The IHSA will soon be taking up an issue that was recently settled at the collegiate level.
IHSA Executive Director Craig Anderson says many state athletic associations are taking up the question on whether or not high school student-athletes should profit off of their name, image, and likeness (NIL).
Anderson told RFD Illinois that currently NIL is governed under one of IHSA’s by-laws: “We have had discussions among board members about NIL. Current governance for our membership would be related to our Amateurism by-law, which was obviously written long before NIL was even a thought. It’s likely a time where we will revisit that by-law. During the Fall, we have our annual review of our by-laws. Anyone from our membership can bring forward changes. I do anticipate that we will get some more [clarity on the issue.] Somebody from our membership will bring forth more specific language within that by-law that will give our schools and the student-athletes some guidance related to the NIL. When it was adopted at the collegiate level, it was generally inevitable that it was going to push its way down to the high school [level], and it has rather quickly…I think we are going to have some discussion at our town meetings in November. That will be followed up potentially by the membership agreeing to some language related to how NIL and Amateurism [is governed] and how that line is going to fall for student-athletes in Illinois.”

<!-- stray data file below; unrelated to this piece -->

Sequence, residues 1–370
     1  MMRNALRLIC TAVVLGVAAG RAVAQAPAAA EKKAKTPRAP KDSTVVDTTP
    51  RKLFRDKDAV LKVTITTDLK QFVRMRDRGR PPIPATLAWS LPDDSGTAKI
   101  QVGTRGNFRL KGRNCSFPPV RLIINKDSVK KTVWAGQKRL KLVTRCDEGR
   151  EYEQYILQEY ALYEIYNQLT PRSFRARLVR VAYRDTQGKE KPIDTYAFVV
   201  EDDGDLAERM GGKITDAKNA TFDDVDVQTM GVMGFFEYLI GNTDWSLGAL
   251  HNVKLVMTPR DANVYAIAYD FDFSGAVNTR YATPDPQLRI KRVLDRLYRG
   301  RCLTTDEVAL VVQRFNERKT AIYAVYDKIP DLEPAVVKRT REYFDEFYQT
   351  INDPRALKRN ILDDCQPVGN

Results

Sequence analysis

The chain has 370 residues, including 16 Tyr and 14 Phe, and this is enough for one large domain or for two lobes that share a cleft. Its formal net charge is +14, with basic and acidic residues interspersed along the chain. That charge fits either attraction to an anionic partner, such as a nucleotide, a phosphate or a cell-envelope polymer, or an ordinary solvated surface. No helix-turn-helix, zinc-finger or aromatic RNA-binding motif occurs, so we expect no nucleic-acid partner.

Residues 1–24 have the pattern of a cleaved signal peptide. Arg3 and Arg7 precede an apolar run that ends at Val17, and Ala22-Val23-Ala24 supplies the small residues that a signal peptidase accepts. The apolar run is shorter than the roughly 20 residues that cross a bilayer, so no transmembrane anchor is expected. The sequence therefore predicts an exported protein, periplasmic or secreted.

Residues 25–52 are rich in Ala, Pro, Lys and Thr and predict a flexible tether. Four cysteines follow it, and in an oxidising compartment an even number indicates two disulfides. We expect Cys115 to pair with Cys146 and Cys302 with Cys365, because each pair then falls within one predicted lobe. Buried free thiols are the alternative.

The Iowa High School Athletic Association announced last week student-athletes are now eligible in that state to make money from the use of their name, image, and likeness. According to the Iowa rules from a report from WeAreIowa.com, students’ NIL compensation cannot be reliant on athletic success, be used as an incentive to attend certain schools, or be provided by schools or by “an agent of the schools.” The Iowa policy still prohibits student-athletes from being paid to play and from getting paid to attend certain schools.